Dithyrambos appeared to me in the shamanic journey preceding my initiation. He led me into the depths and presented me to Rhea/Kybele, and he “gave” me his leopard as a spirit guide. That leopard has since appeared to aid me on several visionary journeys.
I still don’t know what he wants from me. For that matter, I don’t really know for certain that the conceptual framework of “what god wants from me” isn’t a meme left over from my Christian-by-default** upbringing. I’ll find out sooner or later.
The more research I do, the more drawn to him I become. I identify with his madness, and the cure he found in the Mysteries. I identify with his gender ambiguity: make no mistake, the beautiful youth which Pentheus mocks in Euripides’ Bacchae is very much a matter of gender deviance, and the fact that Zagreus was not the only god or hero to hide from his enemies in women’s clothing did not make it any less deviant in the eyes of the Classical Hellenes. I understand that addiction and the abuse of drugs or alcohol have no place in sacred ecstasies, and he helps me walk the line between the two. Classical Bacchanals may or may not have actually been orgies in the modern sense—accusing fringe cults and your political enemies of sexual and moral deviance of which they are not actually guilty is a tradition that dates back to the first written records—but people associated themselves with his cults despite (and perhaps because of) that reputation. Sex, drugs, and rock&roll are absolutely a part of his worship today. I have only begun to understand his incarnation as Liber Pater, and his syncretistic connection to Phanes via their shared identification with Priapos is fascinating.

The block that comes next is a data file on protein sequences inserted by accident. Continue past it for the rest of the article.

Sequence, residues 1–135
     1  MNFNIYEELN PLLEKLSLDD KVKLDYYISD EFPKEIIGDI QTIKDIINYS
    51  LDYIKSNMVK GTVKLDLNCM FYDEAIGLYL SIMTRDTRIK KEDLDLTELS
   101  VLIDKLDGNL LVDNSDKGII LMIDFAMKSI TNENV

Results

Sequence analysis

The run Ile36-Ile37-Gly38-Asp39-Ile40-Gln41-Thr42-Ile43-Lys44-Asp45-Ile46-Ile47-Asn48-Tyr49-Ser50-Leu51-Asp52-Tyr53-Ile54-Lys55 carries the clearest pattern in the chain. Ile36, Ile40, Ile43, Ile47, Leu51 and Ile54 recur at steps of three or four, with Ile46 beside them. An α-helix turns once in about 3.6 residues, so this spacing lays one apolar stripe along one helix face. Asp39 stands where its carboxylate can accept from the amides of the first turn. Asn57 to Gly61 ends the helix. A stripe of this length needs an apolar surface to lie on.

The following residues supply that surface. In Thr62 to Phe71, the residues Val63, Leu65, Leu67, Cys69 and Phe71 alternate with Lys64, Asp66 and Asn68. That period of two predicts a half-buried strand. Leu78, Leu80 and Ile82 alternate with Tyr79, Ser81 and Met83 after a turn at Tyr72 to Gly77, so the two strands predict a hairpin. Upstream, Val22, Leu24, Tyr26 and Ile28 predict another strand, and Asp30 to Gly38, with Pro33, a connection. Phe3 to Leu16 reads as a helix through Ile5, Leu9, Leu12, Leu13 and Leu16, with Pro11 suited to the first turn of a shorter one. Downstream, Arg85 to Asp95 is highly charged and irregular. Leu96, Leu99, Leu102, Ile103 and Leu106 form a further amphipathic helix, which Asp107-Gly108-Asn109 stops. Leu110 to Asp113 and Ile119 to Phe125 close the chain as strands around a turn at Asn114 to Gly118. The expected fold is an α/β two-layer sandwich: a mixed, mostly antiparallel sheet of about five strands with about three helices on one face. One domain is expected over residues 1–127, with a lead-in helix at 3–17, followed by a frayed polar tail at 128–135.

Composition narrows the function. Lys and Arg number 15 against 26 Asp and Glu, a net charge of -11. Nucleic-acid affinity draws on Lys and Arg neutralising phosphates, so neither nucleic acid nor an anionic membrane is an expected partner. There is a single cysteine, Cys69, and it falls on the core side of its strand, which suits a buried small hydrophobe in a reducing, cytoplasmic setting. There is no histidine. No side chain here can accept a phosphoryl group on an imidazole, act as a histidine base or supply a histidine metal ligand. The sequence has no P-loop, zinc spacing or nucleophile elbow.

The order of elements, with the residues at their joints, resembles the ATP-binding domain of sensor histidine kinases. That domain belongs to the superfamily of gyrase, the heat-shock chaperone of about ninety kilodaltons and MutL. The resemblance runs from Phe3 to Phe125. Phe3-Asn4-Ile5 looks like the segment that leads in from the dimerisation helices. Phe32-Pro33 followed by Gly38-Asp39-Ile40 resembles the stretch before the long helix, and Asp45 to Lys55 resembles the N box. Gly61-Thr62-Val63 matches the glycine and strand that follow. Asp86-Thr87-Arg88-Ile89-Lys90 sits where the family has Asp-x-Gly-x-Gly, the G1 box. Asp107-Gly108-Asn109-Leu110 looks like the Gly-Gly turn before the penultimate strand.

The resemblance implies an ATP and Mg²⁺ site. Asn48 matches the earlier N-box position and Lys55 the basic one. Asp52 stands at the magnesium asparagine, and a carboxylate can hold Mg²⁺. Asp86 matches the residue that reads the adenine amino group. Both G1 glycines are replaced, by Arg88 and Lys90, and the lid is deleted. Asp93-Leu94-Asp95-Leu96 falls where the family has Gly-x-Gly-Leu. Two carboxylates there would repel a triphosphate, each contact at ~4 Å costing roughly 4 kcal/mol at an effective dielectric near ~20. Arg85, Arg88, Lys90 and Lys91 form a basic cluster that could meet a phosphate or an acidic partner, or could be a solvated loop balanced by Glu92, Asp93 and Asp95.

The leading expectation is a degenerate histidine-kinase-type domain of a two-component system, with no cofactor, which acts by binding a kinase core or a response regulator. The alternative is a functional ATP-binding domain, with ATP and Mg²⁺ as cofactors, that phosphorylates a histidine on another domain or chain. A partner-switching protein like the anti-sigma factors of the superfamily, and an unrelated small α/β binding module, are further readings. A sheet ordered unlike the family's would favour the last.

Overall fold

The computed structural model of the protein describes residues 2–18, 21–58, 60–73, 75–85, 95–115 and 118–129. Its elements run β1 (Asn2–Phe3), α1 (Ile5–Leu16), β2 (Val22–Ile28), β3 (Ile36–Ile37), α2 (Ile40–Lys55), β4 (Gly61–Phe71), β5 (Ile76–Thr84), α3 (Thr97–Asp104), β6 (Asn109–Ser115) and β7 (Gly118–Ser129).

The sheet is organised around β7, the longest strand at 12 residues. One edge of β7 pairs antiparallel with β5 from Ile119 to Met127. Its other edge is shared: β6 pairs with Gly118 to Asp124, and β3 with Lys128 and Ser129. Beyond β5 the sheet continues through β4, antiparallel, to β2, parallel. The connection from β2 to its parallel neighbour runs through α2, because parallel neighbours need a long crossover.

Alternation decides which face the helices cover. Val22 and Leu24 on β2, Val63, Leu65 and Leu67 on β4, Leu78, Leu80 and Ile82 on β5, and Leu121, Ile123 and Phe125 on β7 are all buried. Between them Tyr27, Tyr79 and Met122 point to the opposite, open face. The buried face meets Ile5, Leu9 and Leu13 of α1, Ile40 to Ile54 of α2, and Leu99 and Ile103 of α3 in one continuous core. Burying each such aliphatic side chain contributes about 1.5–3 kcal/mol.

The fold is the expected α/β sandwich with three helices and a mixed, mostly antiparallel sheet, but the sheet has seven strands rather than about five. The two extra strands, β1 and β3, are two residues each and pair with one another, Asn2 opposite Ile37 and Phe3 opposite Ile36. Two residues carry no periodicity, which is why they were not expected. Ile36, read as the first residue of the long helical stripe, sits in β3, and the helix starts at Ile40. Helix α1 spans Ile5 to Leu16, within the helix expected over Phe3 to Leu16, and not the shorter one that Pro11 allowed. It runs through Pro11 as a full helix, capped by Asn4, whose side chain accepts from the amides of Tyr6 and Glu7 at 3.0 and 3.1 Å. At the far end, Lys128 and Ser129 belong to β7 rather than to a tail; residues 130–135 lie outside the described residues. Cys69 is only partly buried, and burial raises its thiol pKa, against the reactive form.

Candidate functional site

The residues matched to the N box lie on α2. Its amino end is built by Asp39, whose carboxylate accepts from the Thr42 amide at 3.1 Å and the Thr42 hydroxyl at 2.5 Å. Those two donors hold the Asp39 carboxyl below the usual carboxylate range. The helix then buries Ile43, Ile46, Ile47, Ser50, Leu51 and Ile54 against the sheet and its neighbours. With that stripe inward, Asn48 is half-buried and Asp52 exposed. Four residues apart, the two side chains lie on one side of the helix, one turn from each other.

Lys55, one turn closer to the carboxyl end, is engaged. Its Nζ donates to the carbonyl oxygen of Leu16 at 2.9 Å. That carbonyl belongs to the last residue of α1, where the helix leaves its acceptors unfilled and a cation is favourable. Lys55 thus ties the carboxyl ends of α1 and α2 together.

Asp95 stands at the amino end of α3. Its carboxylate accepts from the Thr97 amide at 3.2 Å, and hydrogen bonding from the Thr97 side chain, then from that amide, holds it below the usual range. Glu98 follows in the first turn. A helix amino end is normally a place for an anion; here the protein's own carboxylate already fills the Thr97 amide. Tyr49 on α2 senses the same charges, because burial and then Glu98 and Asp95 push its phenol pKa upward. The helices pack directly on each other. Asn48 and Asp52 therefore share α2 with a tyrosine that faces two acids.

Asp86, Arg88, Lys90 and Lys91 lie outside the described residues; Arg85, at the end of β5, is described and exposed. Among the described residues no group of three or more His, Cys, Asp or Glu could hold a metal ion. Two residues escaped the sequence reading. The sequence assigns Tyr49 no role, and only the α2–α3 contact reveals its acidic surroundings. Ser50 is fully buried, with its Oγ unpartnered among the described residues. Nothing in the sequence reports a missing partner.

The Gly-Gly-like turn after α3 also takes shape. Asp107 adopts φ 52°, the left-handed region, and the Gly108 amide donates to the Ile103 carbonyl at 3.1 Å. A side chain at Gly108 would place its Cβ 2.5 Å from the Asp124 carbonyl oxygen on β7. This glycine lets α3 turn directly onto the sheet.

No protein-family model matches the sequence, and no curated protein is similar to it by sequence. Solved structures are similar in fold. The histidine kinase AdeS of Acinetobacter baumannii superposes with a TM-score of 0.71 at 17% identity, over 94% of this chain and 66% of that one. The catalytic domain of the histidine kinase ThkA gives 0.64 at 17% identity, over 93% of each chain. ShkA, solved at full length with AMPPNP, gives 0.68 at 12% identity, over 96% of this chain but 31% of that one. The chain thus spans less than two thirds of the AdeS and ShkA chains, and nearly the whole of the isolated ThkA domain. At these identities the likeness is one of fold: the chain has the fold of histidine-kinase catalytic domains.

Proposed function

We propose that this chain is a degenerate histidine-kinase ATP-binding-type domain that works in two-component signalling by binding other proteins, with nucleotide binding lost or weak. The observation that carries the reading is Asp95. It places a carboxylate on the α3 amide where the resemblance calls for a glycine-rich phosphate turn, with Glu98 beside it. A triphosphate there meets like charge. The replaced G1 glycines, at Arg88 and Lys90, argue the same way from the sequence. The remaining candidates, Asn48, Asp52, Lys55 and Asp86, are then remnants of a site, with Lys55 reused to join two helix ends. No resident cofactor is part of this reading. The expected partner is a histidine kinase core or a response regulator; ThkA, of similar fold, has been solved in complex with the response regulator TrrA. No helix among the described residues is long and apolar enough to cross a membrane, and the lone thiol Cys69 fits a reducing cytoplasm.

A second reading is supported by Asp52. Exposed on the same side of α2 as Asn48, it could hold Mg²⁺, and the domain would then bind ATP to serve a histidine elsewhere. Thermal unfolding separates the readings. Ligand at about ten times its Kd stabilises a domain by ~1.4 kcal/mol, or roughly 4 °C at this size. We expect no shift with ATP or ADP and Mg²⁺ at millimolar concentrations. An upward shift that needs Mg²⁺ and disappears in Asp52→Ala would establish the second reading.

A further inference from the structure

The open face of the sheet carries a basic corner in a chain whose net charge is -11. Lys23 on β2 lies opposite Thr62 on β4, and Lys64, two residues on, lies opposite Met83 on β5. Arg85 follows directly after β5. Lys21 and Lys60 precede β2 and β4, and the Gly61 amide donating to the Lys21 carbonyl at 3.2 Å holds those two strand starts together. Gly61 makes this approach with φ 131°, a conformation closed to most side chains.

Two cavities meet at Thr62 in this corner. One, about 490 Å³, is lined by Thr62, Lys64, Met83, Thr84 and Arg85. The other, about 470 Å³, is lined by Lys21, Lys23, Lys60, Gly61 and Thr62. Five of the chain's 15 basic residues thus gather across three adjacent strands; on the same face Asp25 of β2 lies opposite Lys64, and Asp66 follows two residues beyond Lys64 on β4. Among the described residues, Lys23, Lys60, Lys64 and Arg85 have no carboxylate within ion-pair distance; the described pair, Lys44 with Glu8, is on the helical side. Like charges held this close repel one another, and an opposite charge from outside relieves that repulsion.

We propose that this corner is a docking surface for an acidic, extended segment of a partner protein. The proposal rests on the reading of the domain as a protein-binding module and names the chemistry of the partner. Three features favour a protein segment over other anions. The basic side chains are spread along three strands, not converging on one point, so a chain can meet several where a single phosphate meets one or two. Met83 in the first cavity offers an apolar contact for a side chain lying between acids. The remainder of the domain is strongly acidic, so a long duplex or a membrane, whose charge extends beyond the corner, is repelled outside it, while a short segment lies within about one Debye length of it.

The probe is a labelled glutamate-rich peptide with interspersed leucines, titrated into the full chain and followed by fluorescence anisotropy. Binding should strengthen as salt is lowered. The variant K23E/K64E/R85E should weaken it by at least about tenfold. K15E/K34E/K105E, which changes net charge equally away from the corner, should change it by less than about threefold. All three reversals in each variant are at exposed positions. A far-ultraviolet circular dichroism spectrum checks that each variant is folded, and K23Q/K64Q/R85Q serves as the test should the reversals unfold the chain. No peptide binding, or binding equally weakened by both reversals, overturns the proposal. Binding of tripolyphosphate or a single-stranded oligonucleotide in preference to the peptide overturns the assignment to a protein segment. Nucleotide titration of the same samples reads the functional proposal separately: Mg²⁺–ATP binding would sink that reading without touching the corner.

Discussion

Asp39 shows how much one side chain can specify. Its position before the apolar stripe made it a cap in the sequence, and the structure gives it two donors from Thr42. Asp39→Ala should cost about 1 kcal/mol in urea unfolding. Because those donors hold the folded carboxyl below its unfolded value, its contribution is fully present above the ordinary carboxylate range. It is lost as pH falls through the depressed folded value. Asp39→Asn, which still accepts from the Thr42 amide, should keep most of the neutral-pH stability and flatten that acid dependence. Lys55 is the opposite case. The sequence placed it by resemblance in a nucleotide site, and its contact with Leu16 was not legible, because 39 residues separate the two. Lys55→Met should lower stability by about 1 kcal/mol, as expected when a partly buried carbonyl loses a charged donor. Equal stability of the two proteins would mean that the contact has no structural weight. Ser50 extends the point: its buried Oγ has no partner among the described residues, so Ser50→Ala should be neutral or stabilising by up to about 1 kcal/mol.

I honor Dionyos every time I rack or bottle a batch of mead, giving him the first taste. In Kansas City, where my temple and kitchen were not the same room, I did my mead-making directly in front of the altar. This may be part of why, despite the failings of my system, my mead turns out better than that of a lot of people who put a lot more effort and care into theirs: it is not just a labor of love, but one of worshsip.
When I open a nice bottle of wine, and often when I open a lesser one, he gets the first taste of that too. The maenad figurine is part of my travelling altar: she comes with me to festivals and on camping trips where I plan on Working or worshiping. She will definitely come with me when I return to Kansas City for the summer. I honor Dionysos every time I host a party, dedicating the revelry in his name.
Although he has spoken to me less than a number of other powers I have worked with, I still feel strangely close to him, and always list him first among my patrons.
I started a new batch of mead last night. I think that I will dedicate it to Dionysos and set aside the lion’s share of it for the next Dionysia.
* Don’t judge me. I’m not much of a poet.
** I wasn’t raised Christian, per se. We went to church on Christmas sometimes, or occasionally on Easter, but it was never really a part of my life except that there were a few Bibles laying around the house. But there were never any alternatives presented, either … and oh, by the way, television and the Boy Scouts and mainstream culture at large.